Does a 45-minute walk have the same effect on the digestion and circulation of healthful flavonoids in the body as a 2.5-hour run?

Researchers in Kannapolis need some walkers and runners to help answer that question.

Appalachian State University’s Human Performance Laboratory on the N.C. Research Campus (NCRC) is recruiting at least 30 more male and female walkers and runners this month for the ongoing study, already under way.

The study will measure plasma levels of flavonoids, the health-promoting compounds found in fruits and vegetables.

[VIDEO: Watch a video report about the lab at ]

Bacteria in the large intestine break down flavonoids into smaller molecules that can pass back into the blood and circulate through the body, producing healthful effects.

Previous research conducted by David Nieman, Dr.PH, director of the Human Performance Laboratory, showed that running improves the transfer of the small flavonoid molecules from the colon back into the body. The new study will determine if a 45-minute walk has a comparable effect.

The study will test 85 walkers and 25 runners who are healthy males or females between 18 and 50 years old. People who complete the study will receive $275.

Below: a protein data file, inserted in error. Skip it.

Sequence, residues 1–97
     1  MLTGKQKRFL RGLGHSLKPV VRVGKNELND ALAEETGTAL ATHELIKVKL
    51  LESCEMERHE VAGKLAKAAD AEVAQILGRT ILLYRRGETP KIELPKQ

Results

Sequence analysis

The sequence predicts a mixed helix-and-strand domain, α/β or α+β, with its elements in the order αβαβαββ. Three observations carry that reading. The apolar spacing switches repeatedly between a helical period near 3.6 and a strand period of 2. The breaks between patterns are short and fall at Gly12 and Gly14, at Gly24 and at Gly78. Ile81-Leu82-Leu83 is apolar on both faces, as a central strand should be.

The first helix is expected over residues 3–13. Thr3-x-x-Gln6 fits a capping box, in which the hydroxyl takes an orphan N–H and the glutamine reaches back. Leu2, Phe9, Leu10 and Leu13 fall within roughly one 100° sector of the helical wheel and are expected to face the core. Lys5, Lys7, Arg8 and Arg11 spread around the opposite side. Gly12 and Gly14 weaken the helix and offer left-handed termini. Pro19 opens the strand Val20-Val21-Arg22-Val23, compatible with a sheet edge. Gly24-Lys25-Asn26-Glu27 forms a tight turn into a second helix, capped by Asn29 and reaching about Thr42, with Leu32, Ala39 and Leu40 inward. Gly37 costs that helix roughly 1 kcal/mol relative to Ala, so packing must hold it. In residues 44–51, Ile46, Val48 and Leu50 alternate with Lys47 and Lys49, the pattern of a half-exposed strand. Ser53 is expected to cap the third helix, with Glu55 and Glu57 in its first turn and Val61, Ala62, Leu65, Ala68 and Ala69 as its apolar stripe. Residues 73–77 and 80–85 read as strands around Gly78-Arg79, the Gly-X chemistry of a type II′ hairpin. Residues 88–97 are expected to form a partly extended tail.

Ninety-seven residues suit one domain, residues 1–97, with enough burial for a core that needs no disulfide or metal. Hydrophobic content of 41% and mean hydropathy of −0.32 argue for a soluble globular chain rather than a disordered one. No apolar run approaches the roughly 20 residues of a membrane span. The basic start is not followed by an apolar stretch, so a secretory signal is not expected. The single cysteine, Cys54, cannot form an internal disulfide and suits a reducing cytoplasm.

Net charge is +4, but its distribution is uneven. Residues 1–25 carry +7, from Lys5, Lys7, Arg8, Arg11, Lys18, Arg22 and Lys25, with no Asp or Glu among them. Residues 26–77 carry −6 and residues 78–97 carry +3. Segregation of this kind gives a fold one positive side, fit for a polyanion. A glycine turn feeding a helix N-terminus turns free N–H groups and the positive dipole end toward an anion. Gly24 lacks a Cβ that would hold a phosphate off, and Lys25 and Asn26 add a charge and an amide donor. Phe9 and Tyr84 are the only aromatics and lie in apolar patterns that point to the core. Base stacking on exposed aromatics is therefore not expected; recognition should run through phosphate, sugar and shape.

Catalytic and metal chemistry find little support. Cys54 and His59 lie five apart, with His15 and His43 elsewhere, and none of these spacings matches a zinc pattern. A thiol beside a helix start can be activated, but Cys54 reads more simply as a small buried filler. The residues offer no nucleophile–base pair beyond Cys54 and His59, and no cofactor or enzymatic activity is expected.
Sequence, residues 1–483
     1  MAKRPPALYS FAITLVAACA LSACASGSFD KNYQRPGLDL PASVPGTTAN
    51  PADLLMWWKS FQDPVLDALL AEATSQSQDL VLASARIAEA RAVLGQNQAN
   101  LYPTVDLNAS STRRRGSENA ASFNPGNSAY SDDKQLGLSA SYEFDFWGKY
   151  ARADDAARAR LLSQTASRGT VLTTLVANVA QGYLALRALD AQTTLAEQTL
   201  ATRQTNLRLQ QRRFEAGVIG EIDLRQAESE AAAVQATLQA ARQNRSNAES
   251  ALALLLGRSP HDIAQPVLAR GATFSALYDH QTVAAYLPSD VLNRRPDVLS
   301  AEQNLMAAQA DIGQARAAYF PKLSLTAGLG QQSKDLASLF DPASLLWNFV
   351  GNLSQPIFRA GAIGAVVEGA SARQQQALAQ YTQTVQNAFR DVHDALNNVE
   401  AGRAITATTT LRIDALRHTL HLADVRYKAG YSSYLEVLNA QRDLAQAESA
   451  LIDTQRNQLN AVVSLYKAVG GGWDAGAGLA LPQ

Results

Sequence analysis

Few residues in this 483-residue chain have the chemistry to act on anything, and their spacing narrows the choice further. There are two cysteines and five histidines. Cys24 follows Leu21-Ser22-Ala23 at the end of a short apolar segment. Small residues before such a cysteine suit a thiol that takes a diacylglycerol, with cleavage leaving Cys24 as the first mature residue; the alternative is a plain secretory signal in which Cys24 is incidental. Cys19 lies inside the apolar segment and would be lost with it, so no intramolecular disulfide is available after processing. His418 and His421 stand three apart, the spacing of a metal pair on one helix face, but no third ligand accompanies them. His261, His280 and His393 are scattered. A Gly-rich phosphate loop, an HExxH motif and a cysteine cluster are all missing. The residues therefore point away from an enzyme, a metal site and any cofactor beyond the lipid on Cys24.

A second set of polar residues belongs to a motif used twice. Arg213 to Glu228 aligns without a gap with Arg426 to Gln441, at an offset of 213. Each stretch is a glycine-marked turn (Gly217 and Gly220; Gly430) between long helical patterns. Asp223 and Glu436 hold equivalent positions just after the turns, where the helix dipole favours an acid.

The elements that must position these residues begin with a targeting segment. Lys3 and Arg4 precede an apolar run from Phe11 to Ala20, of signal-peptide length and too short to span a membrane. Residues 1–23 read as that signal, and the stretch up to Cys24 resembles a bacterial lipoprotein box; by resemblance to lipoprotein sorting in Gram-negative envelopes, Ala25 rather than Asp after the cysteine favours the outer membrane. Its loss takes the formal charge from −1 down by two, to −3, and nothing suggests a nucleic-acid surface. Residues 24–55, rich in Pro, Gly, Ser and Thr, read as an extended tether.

Volunteers must have a regular history of walking more than 100 minutes per week and be capable of walking 45 minutes briskly on a treadmill. Runners must have a history of participating in 10 km to 42.2 km races and be capable of running for 2.5 hours on a treadmill.

Volunteers will visit the ASU laboratory at the NCRC four times, taking a total of five to six hours.

During the first visit to the lab, volunteers will receive baseline fitness testing and an orientation. After two weeks of taking a supplement or a placebo, volunteers will visit the lab twice within 24 hours to either be in a group that walks or rests in the laboratory.

A comparative group of 20-25 runners will ingest the flavonoid supplement for two weeks and then run 2.5 hours on treadmills in the lab. Volunteers will also collect urine for 24 hours, provide four blood samples and keep one, three-day food record.

For more information or to sign up for the study, email

The mission of the NCRC is to improve human health through nutrition and exercise. The scientific community of eight universities, including ASU, the David H. Murdock Research Institute, global companies and entrepreneurs focus research and development on safer, more nutritious crops, healthier foods and precision nutrition.

(C) N.C. Biotech Center